Find out more
Got a news tip?
Tell us at
Home | ERN | Bugler | The Blogs | Blogroll | Advertise | Archives | Careers
(July 10, 1998) From here, it looks like a square dance. Turn your partner round and round. Money and talent are flowing in and around our marketplace like wannabe miners hunting for California Gold. It's about time and, it's a good thing.
Like we often say about our kids, "it's a phase."
We're thinking about establishing a betting pool on the outcomes. While the smaller sites are panicked by the rapid changes in the last 90 days, we are betting on a high divorce rate. The idea behind the trend is solid. The prospects for long term success are very modest.
But, the industry is changing. The emergence of a class of advertising resellers and the distribution of ads through other sites changes the landscape significantly. The current moves are primitive and blunt. There is, however, a twinkling of subtlety on the horizon.
From time to time, we've mentioned the notion that the big job boards are little more than online unemployment offices (with the same karma as offline unemployment offices). Simply cornering the market on job postings and dumping them in a database was a good start. Figuring out how to deliver the material directly to the right person is the holy grail.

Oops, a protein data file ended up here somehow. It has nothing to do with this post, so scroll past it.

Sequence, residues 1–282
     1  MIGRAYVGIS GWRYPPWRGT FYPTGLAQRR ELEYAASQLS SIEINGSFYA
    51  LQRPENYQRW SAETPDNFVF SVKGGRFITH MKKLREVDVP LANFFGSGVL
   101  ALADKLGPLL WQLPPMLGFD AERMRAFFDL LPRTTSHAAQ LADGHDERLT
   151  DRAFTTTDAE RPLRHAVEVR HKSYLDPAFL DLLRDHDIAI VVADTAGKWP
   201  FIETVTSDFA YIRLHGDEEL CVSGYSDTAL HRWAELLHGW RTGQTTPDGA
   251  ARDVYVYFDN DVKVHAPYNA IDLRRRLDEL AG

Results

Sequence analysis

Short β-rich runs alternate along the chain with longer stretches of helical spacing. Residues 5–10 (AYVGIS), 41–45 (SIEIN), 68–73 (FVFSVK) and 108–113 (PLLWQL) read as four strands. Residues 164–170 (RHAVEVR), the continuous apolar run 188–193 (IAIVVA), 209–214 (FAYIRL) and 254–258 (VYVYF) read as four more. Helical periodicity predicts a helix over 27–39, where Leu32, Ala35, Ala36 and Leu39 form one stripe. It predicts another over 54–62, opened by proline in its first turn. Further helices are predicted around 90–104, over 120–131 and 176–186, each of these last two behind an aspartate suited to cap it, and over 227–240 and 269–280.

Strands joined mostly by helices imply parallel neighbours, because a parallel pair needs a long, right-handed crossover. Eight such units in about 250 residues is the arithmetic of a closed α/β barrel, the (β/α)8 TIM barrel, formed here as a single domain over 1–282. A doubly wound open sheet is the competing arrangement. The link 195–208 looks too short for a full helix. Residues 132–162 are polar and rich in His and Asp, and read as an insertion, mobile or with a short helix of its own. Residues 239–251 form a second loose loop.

The move from career destination databases to portal alliances takes the career info out of the unemployment office and takes it to the next level: the bus station. It's progress of a sort. As long as the question is "How do we reach people who are looking for a job?", the linear progress is predictable. Next stop? Employment advertising as the unsung cash cow of digital newspaper clones (portals).